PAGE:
Saturday, December 16, 2023

Goals Your students Can Do

I am writing this as I finish up my first semester back in the classroom after 7 years as a tech coach. Whew! It has been an adjustment! First, it was in a new district. Second, it was an unconventional semester due to a pending change in the master schedule. And third, only recently have I felt myself getting into the groove and settling in (is that a sign of age???). 

Let me be clear - the staff have been great and the kids are great. But it has been change - and a big one for me. Reflecting on this time, I really do appreciate the way this transition worked out.

I spent this semester teaching coding classes. Some of the students were really into coding and some not so much. Some were confident with coding and a few could already run circles around me, but some were relatively new to coding. I saw very quickly this was not going to be a "one size fits all" class.

We started out with an inventory regarding their skill, interest, and what they wanted to do/learn about coding. Then we covered some "must have's" and "cannot's" in a program. From here, they evaluated Common Sense Media's list of "Best Coding Programs for Middle School' based on our requirements. We ended up with a handful of resources.

Enter Catlin Tuckers Goal sheet. I came across this right about the same time as we finished up our evaluations and I had a lightbulb moment. What if each student decided what THEY wanted to accomplish in coding, and from there, selected the resource that would best support them? Bingo!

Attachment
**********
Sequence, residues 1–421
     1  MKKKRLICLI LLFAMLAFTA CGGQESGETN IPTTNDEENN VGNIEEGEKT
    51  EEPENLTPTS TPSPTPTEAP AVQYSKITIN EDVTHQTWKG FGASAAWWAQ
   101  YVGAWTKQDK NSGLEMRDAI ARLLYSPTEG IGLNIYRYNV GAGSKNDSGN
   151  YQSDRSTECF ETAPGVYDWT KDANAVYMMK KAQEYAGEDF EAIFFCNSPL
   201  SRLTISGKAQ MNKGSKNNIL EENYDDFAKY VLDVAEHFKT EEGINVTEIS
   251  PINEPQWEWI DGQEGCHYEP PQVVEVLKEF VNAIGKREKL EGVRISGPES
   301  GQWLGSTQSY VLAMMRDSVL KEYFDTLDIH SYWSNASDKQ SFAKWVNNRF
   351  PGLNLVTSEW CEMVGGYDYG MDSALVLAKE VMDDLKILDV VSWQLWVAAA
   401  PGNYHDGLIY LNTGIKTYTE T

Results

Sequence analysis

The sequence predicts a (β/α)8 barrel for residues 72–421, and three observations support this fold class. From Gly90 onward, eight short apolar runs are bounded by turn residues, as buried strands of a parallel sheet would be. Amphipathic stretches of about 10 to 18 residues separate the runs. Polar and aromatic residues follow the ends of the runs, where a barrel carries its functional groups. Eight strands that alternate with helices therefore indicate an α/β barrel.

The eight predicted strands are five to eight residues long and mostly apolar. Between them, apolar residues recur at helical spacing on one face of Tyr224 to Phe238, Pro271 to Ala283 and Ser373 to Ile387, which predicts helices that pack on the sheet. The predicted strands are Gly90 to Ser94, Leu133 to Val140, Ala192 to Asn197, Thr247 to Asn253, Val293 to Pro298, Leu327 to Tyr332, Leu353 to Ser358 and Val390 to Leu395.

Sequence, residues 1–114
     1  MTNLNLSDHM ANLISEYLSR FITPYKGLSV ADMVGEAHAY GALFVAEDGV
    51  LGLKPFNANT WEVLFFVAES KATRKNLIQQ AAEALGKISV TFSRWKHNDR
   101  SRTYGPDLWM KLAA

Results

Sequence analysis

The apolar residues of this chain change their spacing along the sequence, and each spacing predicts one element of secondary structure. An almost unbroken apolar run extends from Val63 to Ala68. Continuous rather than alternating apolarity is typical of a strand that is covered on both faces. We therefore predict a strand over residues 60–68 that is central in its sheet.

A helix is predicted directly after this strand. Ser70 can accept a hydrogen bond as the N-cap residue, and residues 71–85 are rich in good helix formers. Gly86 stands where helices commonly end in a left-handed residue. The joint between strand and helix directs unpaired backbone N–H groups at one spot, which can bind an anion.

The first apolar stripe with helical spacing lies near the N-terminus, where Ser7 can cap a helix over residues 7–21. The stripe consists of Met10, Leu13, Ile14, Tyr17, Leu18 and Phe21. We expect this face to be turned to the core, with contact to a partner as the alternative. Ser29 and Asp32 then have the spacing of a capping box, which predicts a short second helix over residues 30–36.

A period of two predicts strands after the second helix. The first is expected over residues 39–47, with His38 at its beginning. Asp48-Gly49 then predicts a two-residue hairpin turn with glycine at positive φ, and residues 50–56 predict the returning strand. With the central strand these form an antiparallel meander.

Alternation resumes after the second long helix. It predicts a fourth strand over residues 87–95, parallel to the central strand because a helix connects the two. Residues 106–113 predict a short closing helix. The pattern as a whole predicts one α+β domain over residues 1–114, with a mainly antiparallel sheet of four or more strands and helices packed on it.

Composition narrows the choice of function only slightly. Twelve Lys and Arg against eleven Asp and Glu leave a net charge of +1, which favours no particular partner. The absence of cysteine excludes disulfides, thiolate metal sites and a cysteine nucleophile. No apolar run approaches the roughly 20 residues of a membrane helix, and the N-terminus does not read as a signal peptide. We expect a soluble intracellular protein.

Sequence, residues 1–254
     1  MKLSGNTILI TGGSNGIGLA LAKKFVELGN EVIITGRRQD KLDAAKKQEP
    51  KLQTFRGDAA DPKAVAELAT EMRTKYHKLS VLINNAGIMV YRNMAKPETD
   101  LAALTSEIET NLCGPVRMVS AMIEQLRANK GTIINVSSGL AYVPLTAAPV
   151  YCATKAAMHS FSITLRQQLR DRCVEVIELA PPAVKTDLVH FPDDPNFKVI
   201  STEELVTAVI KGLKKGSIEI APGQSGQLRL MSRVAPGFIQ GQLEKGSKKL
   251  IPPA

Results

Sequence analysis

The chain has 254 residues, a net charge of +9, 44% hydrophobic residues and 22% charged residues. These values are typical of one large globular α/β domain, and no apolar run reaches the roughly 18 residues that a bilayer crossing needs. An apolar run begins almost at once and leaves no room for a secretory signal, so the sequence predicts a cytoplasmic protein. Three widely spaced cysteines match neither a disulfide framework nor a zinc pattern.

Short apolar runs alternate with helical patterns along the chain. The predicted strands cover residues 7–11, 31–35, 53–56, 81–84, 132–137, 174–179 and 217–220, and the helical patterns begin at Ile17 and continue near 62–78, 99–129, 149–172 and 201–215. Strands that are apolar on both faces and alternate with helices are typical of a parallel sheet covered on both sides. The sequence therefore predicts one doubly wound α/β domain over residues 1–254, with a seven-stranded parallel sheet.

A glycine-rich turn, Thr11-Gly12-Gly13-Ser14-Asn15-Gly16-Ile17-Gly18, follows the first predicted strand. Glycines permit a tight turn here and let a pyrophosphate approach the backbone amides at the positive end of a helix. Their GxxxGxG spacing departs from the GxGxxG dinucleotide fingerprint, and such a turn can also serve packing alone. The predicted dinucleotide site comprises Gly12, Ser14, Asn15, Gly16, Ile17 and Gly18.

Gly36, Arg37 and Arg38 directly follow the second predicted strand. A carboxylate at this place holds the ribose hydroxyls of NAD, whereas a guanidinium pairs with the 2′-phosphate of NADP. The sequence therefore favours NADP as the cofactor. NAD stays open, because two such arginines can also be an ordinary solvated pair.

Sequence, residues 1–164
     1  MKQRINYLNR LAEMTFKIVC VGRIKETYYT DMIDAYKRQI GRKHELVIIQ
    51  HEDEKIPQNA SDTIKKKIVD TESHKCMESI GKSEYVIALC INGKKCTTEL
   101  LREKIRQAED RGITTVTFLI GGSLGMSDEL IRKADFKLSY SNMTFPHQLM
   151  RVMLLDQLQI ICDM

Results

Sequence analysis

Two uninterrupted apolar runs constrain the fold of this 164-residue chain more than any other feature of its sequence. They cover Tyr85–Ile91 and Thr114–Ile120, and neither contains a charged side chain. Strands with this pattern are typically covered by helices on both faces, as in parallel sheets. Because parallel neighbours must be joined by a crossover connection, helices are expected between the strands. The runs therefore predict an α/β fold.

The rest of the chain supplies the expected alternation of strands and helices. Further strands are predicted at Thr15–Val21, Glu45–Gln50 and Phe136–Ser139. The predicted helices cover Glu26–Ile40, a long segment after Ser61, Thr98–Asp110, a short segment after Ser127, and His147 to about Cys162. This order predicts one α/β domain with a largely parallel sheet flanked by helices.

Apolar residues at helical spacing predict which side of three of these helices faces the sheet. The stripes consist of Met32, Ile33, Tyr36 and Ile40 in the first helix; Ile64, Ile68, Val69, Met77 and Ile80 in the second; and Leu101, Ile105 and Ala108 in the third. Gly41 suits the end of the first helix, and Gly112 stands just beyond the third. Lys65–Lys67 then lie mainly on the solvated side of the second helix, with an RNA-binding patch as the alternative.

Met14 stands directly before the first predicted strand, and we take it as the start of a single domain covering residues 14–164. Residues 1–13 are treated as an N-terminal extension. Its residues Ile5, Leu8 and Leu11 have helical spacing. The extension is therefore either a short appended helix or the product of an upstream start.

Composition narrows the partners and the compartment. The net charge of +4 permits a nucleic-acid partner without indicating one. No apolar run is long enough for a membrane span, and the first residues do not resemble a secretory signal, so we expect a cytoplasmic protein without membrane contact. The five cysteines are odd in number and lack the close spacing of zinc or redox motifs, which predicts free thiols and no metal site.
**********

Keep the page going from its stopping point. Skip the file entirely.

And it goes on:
To better facilitate this for them, I created a modified version of Catlin's goal sheet as well as a guide for the students. I called it "Coding Goal & Pathway". I broke the middle column down. The "How will I get there?" included a spot for an academic path, an application path, and a career path. Each student received the goal sheet on paper. They referred to the rest on their computer.

The "academic path" was to ensure a resource for them to do specific learning about coding.
The "application path" was the program they were choosing to create their project in/on.
And the "career path" was meant to expose them to future potential paths. 

Students were given the paper part and time to work through the goal setting process. Quite a few had great ideas for what they wanted to create or work on. And after having worked through the evaluation of the potential programs, most easily settled on the academic path that worked for them. We ended up having several "career exploration days" where we did this portion of their goals. As class progressed, I did check ins and provided support and feedback. They also took turns sharing their projects.

I believe it went well! I had several students complete their goal and move on to a second one. I also have a few that are continuing to work on their projects. I'm excited to see they want to continue to build and improve what they started.

Next semester I'm excited to have 6th graders. The focus of this class will be technology skills. I've got lots of goodies planned for them!

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